US Navy Earle Railroad

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US Navy Earle Railroad

Postby Eric Kreszl » Thu Mar 01, 2007 8:42 pm

Hello Everyone,


I know that this topic has been posted before and I have read it myself but I want to bring it up again as I have several questions related to the railroad.


1. Is the railroad still used and how often to trains run on the entire system?

2. What are the locomotives used on the railroad?

3. Are there tracks going into the wayside section of the Earle Navy base which is on the east side of the Southern Secondary next to Wyckoff Rd and is the Southen Secondary Connection under the Parkway at exit 105 and Pine Brook Rd. still used?

4. Are there railroad tracks going over Rt. 34?

5. Do all of the Railroad crossings have gates? I seem to remeber one I believe is located in Middletown that had only over the road flashers and no gated?


If anyone can answer these questions please let me know.


Eric
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Postby Jtgshu » Thu Mar 01, 2007 9:25 pm

1. - yes, they run as needed, but they work mainly at night, espeically out on the pier in Leonardo. They pretty much operate daily, but mostly drilling and respotting in Leonardo and Colts Neck

2. - they use EMD switchers - probably SW1500's - they had Baldwin switchers until about 10 years ago

3. - the line between Leonardo and Colts Neck is used fairly often, at least a few times a week, but only one track is use, the other hasn't been used in many years, but AFAIK, its kept in service, and ready to go.

4. - Yes, i believe there are tracks over Rt34. There are miles and miles and miles of track in the Colts Neck base, and although not all of it is used, its still there in many cases. Check Google Earth or whatever to see all the tracks there and in Leonardo. The connection with the Southern Sec is still used and there are cars delieverd there on a sporadic basis. One of the longest freights I ever saw on the Coast Line was a 44 car freight with 2 locos, with about 25 USN boxcars - this was about 3 years ago. The longest USN train i ever saw was about 30 cars, with USN boxcars and "spacer" Railbox cars. This was about geez.....probably 1990 - around the beginning of the 1st Gulf War.

5. - I believe all the Xings now have gates - they were installed about 15 years ago, when the Navy installed traffic lights at nearly all, if not all, of the public road crossings of Normandy Road (and the RR). Before then, they were only flashers. You might be thinking of the Nut Swamp Road Xing in Middletown - that has an overhead cateliver lights, but there is also a gate there as well. Also, just south of that Xing, there is a set of crossovers from one track to the other.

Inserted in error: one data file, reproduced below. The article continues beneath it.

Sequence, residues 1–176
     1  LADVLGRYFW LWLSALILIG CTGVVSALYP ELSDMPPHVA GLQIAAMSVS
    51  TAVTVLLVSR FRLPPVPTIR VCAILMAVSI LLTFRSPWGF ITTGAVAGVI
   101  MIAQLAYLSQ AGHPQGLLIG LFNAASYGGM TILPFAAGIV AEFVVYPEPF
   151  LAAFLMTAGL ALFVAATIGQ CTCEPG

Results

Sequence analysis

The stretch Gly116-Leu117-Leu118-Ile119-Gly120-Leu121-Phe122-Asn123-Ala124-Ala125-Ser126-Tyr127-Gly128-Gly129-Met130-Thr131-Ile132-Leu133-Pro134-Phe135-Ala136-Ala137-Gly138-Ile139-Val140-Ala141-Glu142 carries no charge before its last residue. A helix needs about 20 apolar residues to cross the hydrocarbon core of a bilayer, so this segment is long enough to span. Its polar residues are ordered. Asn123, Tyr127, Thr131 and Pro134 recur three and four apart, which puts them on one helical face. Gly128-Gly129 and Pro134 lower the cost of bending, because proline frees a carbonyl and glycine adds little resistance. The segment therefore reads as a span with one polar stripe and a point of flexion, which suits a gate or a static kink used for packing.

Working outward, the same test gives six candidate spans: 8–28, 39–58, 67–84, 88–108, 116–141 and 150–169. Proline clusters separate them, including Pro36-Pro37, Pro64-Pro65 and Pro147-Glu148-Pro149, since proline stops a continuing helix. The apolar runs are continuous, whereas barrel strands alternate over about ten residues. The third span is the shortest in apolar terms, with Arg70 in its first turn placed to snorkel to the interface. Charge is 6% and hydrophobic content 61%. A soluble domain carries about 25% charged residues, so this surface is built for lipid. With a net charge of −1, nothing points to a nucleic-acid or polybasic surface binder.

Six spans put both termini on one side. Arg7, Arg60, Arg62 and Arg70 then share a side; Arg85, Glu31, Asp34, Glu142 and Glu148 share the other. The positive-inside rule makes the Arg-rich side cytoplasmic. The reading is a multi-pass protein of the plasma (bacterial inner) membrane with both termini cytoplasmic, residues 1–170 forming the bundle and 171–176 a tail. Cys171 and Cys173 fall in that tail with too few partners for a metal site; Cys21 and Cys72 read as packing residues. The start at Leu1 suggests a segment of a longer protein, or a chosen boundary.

Railfanning the USNRR is not recommonded - even, or should I say especially, any of you fellas who feel very strongly about "rights to photograph" from public land. :wink:

Loaded trains usually have MP escorts, with very big guns!!!!!!! The best place to WATCH the trains would be from the Henry Hudson trail in Leonardo, if you can catch one, but don't hang out long, or at the bayshore in Leonardo where you can see the pier and the trains out there. There are often boxcars kept out on the pier.
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Postby Ken W2KB » Thu Mar 01, 2007 10:28 pm

Jtgshu wrote:Railfanning the USNRR is not recommonded - even, or should I say especially, any of you fellas who feel very strongly about "rights to photograph" from public land. :wink:
.


Yep. Know the feeling. I've flown over it at 2,000 feet but resisted the temptation to descend or circle to get a better look.
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Black River Railroad Historical Trust :: My Personal Site
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Postby Eric Kreszl » Thu Mar 01, 2007 10:51 pm

Jtgshu wrote:1. - yes, they run as needed, but they work mainly at night, espeically out on the pier in Leonardo. They pretty much operate daily, but mostly drilling and respotting in Leonardo and Colts Neck